Endoscopic Ultrasound Guided Needle Based Confocal Laser Endomicroscopy for Diagnosis of Pancreatic Lesions

Amir Houshang Mohammad Alizadeh

Department of Endoscopy, Arad Hospital, Somaye St, Tehran, Iran

*Corresponding Author:
Amir Houshang Mohammad Alizadeh
Department of Endoscopy, Arad Hospital
Somaye St, Tehran, Iran
Tel: +0098-21-77601095
Fax: +0098-21-77500958
E-mail: +0098-21-77500958

Received January 30th, 2018 - Accepted February 19th, 2018

 
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Keywords

Endoscopic Ultrasound-Guided Fine Needle Aspiration; Pancreatic Neoplasms

Abbreviations

EUS endoscopic ultrasound; nCLE needle confocal laser endomicroscopy;

Confocal laser endomicroscopy (CLE) is a promising and new in vivo imaging method for biological systems. The main feature of CEL is providing a real-time histologic and cytologic examination through endoscopy. The realtime evaluation permits for preliminary comprehension on vascular, epithelial, papillary, and ductal structures [1, 2]. This technology can be accomplished either by an endo-microscope attached to either an endoscope or colonoscope (endoscope-based CLE) or by a probe placed on EUS-FNA needles (probe based or needle based CLE) [3, 4].

The first approach is generally useful for imaging accessible luminal and ductal components. On the other side, needle based confocal laser endomicroscopy (nCLE) is preferable to visualize solid organs such as pancreas, liver, and lymph nodes [3]. The nCLE can also role as a suitable substitute for rapid on-site evaluation (ROSE) which is based on immediate cytological staining during EUS-FNA [5].

The nCLE is generally accomplished by placing a miniprobe on the top of 19 or 22 G needles during EUSFNA [6]. This modification has distinctly promoted the diagnostic utility of endoscopic procedure. Through the nCLE process, tissues are illuminated using laser light, and the reflected lights are then recorded into grey scaled confocal images by a computer [3, 6]. For obtaining high resolution images, there is a need for introducing fluorescent dyes; i.e. fluorescein which is administrated intravenously and acriflavine which is employed locally [7]. Before nCLE can be used as a routine technique, it ought to be validated regarding safety and accuracy issues. Furthermore, stablishing standard diagnostic criteria is also a perquisite.

Several studies have been conducted aiming to provide guidelines on the imaging features of cystic pancreatic tumors on nCLE. These include INSPECT study by Konda et al. in 2013 [6], CONTACT 1 study by Napoléon et al. in 2015 [8], and DETECT study by Nakai et al. in 2015 [9]. The main feature of pancreatic cystic lesions on nCLE has been the presence of regular villous structures [9]. This feature yielded sensitivity and specificity values of 59% and 100% respectively, with positive and negative predictive values of 100% and 50% [6].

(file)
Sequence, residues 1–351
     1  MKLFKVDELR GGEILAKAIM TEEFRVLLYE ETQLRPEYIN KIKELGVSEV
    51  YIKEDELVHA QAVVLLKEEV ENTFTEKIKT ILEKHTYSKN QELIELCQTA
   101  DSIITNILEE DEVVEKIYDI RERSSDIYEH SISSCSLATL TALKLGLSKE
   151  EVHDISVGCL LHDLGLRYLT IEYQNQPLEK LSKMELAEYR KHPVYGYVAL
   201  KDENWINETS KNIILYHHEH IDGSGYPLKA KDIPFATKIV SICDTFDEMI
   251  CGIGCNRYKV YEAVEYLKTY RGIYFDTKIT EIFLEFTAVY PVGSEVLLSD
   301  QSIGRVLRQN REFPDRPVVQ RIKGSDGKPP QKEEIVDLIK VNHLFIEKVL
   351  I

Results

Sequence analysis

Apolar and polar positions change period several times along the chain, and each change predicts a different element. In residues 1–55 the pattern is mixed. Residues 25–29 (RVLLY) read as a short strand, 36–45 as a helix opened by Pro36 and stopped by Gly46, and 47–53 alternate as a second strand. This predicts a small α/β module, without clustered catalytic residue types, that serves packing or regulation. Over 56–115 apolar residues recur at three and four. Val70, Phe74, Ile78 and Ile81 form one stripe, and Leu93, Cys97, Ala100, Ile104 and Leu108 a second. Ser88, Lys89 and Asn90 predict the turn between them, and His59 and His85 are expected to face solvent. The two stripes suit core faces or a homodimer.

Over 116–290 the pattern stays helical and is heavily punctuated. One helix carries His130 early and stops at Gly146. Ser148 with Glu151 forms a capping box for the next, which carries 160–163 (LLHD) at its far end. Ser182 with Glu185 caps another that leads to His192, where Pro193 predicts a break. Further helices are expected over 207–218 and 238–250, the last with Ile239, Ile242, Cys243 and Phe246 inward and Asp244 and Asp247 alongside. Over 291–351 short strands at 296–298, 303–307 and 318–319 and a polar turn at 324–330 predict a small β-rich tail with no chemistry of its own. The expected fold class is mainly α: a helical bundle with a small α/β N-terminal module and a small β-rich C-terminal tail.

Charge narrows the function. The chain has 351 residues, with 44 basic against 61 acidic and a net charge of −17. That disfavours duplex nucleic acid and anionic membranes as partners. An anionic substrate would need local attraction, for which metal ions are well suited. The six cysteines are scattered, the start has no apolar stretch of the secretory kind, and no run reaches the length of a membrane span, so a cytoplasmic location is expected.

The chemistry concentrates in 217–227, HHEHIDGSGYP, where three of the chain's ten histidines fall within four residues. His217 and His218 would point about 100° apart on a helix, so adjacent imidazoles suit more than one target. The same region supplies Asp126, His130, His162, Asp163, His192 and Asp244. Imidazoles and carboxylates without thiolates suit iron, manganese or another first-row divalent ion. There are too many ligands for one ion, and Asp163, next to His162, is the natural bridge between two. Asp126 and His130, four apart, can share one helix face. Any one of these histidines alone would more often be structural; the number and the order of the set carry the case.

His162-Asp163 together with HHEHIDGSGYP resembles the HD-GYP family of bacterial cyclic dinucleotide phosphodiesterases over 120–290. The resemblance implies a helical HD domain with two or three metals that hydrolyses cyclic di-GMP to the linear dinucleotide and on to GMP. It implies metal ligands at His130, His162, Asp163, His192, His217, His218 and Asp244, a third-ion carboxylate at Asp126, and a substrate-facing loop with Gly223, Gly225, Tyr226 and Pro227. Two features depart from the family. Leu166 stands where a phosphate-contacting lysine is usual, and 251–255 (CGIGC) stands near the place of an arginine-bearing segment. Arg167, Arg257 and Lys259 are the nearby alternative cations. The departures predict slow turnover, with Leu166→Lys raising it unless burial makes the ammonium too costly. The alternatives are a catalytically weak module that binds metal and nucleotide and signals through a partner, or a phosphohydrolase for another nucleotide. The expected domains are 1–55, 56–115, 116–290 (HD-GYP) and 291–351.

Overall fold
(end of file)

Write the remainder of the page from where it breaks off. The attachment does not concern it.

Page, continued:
Presence of irregular cell aggregates within an irregular vascular network hued with fluorescein may suggest adenocarcinoma [10]. Generally, the presence of thick dark (>40 μm) and thin white (<20 μm) bands, irregular dark objects along with visualized epithelia structures (as either villous or glandular), as well as fluorescein leakage in the tissue suggest a malignant phenomenon [11]. In contrast, thin bands (either white or dark) propose a non-neoplastic condition [11]. On the other hand, dominance of fibrotic tissue in the context of irregular glandular compartment is suggestive for chronic pancreatitis [10].

Good feasibility for various pancreatic lesions and well tolerability with the least adverse effects are also among noteworthy benefits of nCLE [11]. However, the procedure has been reported with pancreatitis as a complication in 3-9% of cases [3, 9]. Other reported complications included abdominal pain and intra-cystic bleeding [6].

The immediate benefit of real-time visualization of tissue structures via high resolution nCLE can be ruling out the malignant nature of the lesions in early phases. An inevitable delay in diagnosis of the malignant transformation is one of the major drawbacks of available routine diagnostic methods. Beside the fact that malignant nature of pancreatic tissue may be missed during conventional ERCP, delayed diagnosis due to inconclusive histological findings may further deprive the patients from timely interventions [12]. The nCLE have shown comparable sensitivity and specificity (98%, 67%) respective to histological examination (45%, 100%) for detection of a neoplastic process [13].

The nCLE is a novel approach that can provide invaluable information on the features of pancreas cysts, however, standard criteria needs to be developed and validated.

It can render high sensitivity and specificity when combining with other diagnostic methods. There is a need for developing standard criteria for diagnosis of pancreatic lesions using nCLE.

Conflict of Interest

The authors had no conflicts of interest.

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